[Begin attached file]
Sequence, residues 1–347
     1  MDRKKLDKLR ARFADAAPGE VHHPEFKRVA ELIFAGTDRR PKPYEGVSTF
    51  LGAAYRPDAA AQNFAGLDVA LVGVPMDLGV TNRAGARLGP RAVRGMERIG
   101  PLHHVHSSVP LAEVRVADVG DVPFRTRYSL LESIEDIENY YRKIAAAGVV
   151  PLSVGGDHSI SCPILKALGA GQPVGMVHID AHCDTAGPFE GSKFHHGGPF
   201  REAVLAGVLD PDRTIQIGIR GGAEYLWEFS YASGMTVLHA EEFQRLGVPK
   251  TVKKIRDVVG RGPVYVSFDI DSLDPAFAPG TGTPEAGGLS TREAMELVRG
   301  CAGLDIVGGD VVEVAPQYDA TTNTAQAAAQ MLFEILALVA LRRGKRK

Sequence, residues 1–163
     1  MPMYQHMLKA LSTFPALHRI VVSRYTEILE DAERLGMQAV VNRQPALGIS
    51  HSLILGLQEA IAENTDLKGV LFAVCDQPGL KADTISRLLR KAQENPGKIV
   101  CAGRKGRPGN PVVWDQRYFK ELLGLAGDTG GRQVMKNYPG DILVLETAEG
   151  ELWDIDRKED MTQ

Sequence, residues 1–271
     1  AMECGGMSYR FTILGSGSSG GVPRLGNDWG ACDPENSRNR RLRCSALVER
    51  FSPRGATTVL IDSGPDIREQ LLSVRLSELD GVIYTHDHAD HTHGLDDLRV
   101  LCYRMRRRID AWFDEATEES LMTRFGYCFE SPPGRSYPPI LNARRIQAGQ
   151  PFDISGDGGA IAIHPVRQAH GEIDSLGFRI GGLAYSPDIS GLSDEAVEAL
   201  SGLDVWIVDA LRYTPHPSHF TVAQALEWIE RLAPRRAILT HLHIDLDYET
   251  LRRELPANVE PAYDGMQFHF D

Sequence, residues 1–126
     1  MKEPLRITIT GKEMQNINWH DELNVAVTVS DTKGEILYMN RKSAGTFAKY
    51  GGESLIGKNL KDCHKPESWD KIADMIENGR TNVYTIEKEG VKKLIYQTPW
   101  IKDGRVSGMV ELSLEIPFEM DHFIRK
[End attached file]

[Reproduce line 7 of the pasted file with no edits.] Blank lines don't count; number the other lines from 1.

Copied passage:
   251  TVKKIRDVVG RGPVYVSFDI DSLDPAFAPG TGTPEAGGLS TREAMELVRG